Discovery in Court Martials
Discussion of discovery in court martials:
A critical element of pre-trial organization is the obligation of trial advocates to comply with the Discovery rules. Both Trial Counsel and Defense Counsel possess this reciprocal obligation in order to ensure a fair trial. For Trial Counsel, however, this obligation is especially significant because most if not all incriminating evidence is in the control of the prosecution and material to the preparation of the defense. When Trial Counsel possesses exculpatory or impeachment evidence that is material to guild or punishment, this evidence must be disclosed to the defense. These rules are established by RCM 701, the Jencks Act, found at RCM 914, Brady v. Maryland, 373 U.S. 83 (1963), and Giglio v. United States, 405 U.S. 150 (1972). It is absolutely imperative that trial advocates know these rules and consider thoroughly how to meet these obligations in each case.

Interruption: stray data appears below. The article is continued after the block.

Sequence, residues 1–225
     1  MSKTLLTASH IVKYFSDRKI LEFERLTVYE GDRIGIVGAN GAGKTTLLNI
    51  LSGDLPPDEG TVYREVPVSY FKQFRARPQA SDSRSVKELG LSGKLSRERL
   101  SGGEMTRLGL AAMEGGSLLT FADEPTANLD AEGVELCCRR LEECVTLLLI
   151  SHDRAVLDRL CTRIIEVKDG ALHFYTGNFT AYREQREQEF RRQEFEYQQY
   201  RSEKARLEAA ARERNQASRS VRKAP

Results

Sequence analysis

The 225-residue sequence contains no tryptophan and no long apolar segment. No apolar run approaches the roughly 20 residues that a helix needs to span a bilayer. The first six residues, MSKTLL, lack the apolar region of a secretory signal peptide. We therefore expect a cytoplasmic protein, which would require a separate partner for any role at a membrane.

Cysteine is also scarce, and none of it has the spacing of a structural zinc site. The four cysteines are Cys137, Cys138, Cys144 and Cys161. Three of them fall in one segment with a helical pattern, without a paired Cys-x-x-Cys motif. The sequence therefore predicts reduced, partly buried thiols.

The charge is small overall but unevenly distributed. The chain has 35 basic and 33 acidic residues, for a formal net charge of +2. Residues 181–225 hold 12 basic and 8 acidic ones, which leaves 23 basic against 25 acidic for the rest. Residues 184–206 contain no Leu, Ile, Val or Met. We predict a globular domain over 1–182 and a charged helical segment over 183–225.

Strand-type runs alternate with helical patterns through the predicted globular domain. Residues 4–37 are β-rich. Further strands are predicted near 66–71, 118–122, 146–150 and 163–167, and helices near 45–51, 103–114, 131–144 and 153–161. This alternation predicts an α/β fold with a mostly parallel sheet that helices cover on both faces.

Trial Counsel should be mindful that while the rules provide that the disclosures be made in sufficient time to permit the defendant to make effective use for the information at trial, it is never a wise practice to withhold the evidence for tactical purposes, only to disclose it in advance of trial but allowing the defense minimal opportunity to prepare. This is not an area for gamesmanship. Generally, providing broad and early discovery promotes the truth-seeking aspect of the pre-trial and trial process and can help foster speedy resolution of cases. There are countervailing circumstances to consider, however, particularly the safety of victims and witnesses, protection of privacy, privileged information, integrity of on-going investigations, etc. Trial advocates should be familiar with the rules and seek guidance from supervisors. Additionally, trial advocates should keep a thorough record regarding such disclosures. And failure to disclose this evidence has severe ethical consequences.